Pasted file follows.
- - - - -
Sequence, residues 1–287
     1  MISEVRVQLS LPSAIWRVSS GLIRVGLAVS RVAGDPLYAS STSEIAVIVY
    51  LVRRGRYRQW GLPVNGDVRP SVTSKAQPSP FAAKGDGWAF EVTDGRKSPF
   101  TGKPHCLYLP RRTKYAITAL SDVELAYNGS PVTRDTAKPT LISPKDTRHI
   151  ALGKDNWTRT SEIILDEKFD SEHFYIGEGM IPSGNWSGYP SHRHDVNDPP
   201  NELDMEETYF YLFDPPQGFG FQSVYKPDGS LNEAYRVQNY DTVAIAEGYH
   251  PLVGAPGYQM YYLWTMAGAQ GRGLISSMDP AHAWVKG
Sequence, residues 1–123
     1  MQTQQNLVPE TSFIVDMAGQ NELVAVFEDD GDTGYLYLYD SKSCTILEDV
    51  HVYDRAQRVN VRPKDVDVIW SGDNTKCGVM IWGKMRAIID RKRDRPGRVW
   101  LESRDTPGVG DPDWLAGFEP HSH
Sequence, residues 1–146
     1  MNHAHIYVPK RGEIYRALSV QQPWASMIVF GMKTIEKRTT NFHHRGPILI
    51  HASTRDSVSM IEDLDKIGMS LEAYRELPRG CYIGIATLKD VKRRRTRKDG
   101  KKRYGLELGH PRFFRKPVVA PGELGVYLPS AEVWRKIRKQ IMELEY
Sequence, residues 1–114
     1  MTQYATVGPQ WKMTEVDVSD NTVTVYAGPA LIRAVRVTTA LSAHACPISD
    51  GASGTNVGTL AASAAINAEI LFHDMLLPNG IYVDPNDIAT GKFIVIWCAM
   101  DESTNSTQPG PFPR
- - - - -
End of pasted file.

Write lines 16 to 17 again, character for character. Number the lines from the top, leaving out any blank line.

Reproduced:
Sequence, residues 1–114
     1  MTQYATVGPQ WKMTEVDVSD NTVTVYAGPA LIRAVRVTTA LSAHACPISD